Prime Minister Benjamin Netanyahu has announced that he will speak at the right-wing rally scheduled for Sunday night in Tel Aviv’s Rabin Square. Israeli local authorities in the West Bank are helping to fund the rally, including by subsidizing bus transport for residents of settlements in their jurisdiction.
The Binyamin, Har Hebron and Gush Etzion regional councils are among the participating local governments, which signed ads urging residents to attend.
“We must do something,” Har Hebron Regional Council head Yohai Damari wrote in a letter to residents, in which he “urge[d] every man and woman to ... vote for parties that view the settlement enterprise as a principle, not a burden, a national mission.” Continuing, Damari said council residents “will join all the national bodies that believe the Land of Israel is the Jewish people’s land and that have no interest in holding discussions about expelling Jews from their land. I urge all council residents to go to the mass rally for the Land of Israel. Buses will leave from the settlements; you can register with the community coordinators.”
The Binyamin Regional Council posted details on its website and urged people to attend, warning that “the fate of our land is in the balance” in Tuesday’s election. The announcement said that despite the flourishing, 40-year history of Jewish settlement in the West Bank, voices “challenging our right to settle our land” are gathering strength. “Therefore, massive attendance at the rally is of unparalleled importance.”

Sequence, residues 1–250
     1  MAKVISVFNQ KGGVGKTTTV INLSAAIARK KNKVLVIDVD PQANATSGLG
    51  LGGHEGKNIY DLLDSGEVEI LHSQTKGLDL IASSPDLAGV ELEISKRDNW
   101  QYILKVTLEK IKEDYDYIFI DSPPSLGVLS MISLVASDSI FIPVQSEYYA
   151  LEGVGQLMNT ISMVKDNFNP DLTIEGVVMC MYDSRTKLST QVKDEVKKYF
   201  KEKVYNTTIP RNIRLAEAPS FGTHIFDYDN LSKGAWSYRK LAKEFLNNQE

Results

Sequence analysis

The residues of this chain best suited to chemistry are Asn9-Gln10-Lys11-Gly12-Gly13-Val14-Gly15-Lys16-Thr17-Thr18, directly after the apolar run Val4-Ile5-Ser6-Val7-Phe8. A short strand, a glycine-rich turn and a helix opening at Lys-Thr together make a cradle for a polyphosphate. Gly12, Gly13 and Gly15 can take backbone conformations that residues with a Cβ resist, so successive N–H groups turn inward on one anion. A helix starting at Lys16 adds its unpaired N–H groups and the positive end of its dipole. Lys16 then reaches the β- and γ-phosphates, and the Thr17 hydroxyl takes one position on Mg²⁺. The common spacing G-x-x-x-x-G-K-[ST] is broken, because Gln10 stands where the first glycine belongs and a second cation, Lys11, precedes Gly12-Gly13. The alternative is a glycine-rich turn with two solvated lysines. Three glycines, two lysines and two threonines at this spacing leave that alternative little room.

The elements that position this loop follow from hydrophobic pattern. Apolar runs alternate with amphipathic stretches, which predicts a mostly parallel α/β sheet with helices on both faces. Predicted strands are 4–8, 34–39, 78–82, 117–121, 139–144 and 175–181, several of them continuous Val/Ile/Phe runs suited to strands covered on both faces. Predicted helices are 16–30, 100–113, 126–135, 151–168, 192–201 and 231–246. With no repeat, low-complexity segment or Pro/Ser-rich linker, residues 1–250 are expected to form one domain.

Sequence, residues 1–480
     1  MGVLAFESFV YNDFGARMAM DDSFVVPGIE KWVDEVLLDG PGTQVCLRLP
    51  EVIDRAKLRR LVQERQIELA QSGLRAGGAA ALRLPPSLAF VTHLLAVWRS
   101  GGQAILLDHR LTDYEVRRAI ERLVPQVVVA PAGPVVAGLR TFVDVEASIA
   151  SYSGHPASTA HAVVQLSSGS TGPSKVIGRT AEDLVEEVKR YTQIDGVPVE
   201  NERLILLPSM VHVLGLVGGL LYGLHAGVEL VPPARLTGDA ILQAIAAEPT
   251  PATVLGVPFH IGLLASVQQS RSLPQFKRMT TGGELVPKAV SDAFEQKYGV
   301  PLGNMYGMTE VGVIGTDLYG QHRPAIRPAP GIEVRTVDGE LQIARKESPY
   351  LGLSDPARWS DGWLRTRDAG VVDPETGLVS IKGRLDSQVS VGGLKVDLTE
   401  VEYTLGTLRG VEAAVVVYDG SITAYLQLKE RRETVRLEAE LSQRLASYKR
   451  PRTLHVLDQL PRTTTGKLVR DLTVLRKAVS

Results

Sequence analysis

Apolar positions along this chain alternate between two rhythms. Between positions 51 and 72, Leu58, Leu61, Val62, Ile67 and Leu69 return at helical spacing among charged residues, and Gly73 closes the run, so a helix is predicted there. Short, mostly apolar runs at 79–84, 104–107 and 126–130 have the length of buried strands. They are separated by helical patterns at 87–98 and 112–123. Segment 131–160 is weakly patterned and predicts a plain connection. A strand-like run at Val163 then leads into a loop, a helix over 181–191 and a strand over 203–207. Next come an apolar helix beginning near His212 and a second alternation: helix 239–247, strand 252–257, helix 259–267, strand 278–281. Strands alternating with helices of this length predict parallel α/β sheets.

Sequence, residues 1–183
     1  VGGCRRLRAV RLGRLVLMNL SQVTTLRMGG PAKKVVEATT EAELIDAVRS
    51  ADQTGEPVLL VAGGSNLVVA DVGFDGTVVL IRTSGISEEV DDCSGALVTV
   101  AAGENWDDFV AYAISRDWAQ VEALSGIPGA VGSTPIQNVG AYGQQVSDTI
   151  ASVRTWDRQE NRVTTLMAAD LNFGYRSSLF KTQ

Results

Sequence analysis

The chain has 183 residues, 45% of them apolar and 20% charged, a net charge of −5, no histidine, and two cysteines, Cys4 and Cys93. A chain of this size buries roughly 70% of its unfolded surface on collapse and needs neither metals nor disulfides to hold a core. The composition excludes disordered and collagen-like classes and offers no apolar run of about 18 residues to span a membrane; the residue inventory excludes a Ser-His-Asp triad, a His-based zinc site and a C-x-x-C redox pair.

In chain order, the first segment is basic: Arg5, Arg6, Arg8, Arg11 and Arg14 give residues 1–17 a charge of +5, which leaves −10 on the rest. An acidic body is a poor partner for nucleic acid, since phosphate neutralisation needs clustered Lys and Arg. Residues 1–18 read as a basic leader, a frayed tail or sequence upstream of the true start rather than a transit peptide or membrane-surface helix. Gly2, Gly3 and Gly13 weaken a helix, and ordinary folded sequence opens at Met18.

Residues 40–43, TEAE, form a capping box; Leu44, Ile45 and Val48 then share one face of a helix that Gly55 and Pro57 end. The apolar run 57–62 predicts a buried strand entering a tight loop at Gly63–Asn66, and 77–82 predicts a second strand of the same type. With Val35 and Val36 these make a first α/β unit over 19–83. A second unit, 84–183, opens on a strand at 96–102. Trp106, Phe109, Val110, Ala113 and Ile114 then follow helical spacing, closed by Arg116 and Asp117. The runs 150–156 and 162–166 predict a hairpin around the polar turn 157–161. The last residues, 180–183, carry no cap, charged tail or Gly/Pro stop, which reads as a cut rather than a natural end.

Round-trip bus tickets for the rally will cost residents of the settlements just 20 shekels ($5) per person; the local governments are footing the remainder of the bill.
This funding isn’t illegal. Local governments in the West Bank are entitled to spend part of their budget on demonstrations, as long as the demonstrations are meant to benefit the community and/or its residents, and since Sunday’s rally is also a protest against plans to evacuate settlements, subsidizing it doesn’t violate the law.
Nevertheless, all local governments in the West Bank spend far more than they earn, and rely on state subsidies - including some that are allocated only to the settlements - to make up the difference.
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